Why we see big risk – and big reward – in this clean technology stock

Benj Gallander, Ben Stadelmann, and Philip MacKellar
March 8, 2022

All right, first let us address that this company, Fuel Tech, Inc., will be too risky for most investors, or is it speculators? After all, the enterprise has lost money for seven straight years and less than two years ago it almost lost compliance with its Nasdaq listing. Revenues have been in a continuous downtrend for years, and except for a brief blip above $5 at the end of 2020, the stock price has done virtually nothing since it was above $34 in 2007 except tumble. Did Benj lose it when he purchased this one in January from $1.21 – $1.26? As usual, time will tell.

One reason that Benj likes this corporation is the field where it works, as its primary business is controlling the pollution of utilities and industrial customers, along with pulp and paper operations and even universities. Yup, reducing nitrogen oxide emissions from boilers, furnaces, incinerators, and other combustion sources is an important pursuit and this field should grow. In addition, lowering greenhouse gases by lessening air pollutants like acid emissions and mercury is a hot space now. But will FTEK grab enough business to be profitable? Aye, there is the rub.

The key management of the enterprise have been hanging their hats at this Warrenville, Illinois based enterprise since at least 2017, 30 years after the enterprise was created. On the one hand, this sounds great, a deep experienced team that knows the operation well. But on the other hand, the cynical one that we maintain for all investments one must wonder why the firm has not done better? Certainly, part of it is that the Chinese competition “ate their lunch” causing FTEK to close their operations there in 2019 after years of touting it as their saviour.

One primary risk for FTEK is coal power utilization continues to decline, obviating the need for their tech, which is a key reason that revenue has shrunk so much. That will continue to be a challenge.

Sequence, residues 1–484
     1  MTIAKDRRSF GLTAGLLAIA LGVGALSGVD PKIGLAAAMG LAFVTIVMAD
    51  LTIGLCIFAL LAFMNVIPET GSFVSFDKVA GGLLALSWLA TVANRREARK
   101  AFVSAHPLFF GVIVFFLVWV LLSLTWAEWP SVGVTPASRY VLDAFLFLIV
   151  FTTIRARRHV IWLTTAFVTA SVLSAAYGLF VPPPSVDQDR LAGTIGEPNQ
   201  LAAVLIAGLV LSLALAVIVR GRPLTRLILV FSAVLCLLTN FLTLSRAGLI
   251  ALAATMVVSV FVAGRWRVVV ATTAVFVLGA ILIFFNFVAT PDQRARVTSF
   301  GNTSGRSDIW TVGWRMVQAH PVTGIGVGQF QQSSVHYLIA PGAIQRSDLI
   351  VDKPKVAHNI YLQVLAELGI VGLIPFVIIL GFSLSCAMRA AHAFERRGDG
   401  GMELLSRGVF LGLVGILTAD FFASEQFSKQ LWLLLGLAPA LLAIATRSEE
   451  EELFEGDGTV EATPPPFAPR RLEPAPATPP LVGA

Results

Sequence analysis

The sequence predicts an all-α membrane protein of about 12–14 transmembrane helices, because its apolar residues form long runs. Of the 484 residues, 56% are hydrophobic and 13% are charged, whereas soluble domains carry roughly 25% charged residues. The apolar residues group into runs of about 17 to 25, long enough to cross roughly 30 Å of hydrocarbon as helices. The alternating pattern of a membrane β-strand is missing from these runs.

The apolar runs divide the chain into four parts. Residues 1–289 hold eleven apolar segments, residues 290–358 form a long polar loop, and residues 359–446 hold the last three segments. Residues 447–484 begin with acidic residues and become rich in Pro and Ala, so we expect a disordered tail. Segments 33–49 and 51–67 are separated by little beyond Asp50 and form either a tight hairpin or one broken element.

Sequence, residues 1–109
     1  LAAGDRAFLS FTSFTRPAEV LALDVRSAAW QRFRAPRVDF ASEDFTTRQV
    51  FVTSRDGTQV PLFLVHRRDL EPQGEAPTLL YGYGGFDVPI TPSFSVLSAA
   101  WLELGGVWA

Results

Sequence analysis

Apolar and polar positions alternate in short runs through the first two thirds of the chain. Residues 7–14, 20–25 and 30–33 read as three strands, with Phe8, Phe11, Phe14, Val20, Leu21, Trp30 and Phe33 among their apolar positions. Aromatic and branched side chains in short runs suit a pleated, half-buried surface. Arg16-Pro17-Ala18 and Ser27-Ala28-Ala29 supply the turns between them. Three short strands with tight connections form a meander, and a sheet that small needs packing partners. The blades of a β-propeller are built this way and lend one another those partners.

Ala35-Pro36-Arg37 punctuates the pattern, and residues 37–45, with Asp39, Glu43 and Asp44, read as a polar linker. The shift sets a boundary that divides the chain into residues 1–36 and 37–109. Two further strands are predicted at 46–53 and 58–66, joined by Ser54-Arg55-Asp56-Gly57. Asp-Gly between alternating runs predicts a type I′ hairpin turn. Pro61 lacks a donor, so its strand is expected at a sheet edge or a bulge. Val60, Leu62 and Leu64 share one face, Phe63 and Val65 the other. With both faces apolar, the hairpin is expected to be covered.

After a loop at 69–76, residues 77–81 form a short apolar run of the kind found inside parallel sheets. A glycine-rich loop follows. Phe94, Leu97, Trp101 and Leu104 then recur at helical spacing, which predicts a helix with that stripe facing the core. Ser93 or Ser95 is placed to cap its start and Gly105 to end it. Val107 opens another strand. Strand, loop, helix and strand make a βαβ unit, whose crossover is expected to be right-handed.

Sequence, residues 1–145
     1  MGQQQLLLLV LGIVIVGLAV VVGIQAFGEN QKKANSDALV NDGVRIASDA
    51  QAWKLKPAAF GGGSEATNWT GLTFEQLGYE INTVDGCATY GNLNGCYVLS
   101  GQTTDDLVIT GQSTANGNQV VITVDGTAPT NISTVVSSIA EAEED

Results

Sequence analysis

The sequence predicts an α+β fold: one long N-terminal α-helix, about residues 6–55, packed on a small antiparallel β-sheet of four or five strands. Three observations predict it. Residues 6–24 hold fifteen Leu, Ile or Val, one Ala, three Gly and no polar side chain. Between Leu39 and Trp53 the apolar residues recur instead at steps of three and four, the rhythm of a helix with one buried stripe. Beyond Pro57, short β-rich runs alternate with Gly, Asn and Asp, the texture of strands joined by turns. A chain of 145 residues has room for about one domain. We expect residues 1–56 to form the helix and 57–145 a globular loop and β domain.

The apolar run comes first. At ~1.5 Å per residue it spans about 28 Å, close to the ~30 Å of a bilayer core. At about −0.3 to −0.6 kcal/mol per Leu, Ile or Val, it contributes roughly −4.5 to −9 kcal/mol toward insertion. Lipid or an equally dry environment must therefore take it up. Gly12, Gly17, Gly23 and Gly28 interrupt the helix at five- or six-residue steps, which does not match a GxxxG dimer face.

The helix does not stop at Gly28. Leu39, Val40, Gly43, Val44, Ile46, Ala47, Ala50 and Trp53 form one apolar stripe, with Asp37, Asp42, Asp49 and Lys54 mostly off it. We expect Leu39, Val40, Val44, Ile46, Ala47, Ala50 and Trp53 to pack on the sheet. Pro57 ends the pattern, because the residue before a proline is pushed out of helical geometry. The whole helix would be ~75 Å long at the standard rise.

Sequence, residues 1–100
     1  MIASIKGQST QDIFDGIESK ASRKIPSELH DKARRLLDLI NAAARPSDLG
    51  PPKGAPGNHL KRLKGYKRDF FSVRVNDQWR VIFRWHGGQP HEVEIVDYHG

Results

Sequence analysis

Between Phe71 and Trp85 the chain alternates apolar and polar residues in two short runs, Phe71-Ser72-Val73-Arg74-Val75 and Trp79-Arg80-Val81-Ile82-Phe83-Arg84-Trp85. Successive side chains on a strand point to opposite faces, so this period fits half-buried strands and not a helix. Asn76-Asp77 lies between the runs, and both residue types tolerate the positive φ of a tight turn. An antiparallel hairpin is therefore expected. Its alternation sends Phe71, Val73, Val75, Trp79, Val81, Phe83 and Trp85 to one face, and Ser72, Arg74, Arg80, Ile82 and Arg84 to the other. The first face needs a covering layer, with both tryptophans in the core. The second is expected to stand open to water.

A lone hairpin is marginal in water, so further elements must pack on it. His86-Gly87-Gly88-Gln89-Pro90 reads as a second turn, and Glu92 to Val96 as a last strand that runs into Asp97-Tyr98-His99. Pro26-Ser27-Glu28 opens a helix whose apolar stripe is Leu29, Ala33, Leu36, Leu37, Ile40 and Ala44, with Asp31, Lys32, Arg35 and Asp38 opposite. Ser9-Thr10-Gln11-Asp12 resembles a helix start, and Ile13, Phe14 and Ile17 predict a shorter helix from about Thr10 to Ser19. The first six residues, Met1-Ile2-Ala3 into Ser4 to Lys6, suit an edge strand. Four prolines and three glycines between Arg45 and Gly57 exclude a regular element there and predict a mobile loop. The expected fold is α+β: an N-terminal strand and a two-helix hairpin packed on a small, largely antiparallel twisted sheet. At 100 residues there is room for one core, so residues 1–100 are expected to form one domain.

Certainly, management knows how to be nimble. When the stock jumped from $0.70 to over $5.00 in the aforementioned leap, the top brass quickly went to the market to raise cash. The reason for the stock runup was the backlog jumping, revenues increasing by 25 per cent and the bottom line was black to the tune of $2.4 million, Note though, that was largely due to a $2.6 million insurance settlement, otherwise there would have been the usual loss. Still the market bought in, and shares and warrants were quickly sold at $5.16, with the tally arriving in the bank being $25.8 million before agent’s fees and the usual offering expenses. Even with the regular losses, there remains more than $35 million in the kitty. That helps to diminish risk going forward while the company attempts to pull itself up by the bootstraps.

It seems to be happening. While revenues dipped last quarter from $8.2 million to $7.6 million there was a tad of black ink to the tune of $0.7 million. The pro forma for future revenues has been boosted from $40 – $50 million to $50 million – 75 million. Though management is sometimes overly optimistic, even hitting the bottom of this range would be a step in the right direction. And here is the cherry on the soufflé – the corporation has $0 debt. Between the cash in the bank and zero need to appease creditors, risk is mitigated.

Choosing Fuel Tech’s initial sell target, the reward side of the equation, is not as simple as usual since the stock price has been beaten down for so long. And though we hate to admit it, predicting a potential exit price is an inexact “science” at the best of times. Still, we always like setting a goal as that grounds us, taking some emotion out of the sell decision. $4.84 has been chosen.

When doing this exercise, followers often ask, “How long until you expect to reach the target?” A timeline is never set. If it works, a gain of about 290 per cent would be notched, so even if it takes 10 years, that would still be fabulous and very tax efficient. However, there is a reasonable possibility that this could be achieved in five years or less. So much the better if it happens. Of course, it could prove to be pie-in-the-proverbial sky, albeit naturally Benj thinks not.

One macro risk for this enterprise is the overall stock markets. Though they have pulled back from their highs, they appear from this angle to still be elevated. It will be hard for most companies to do well if a major drop occurs.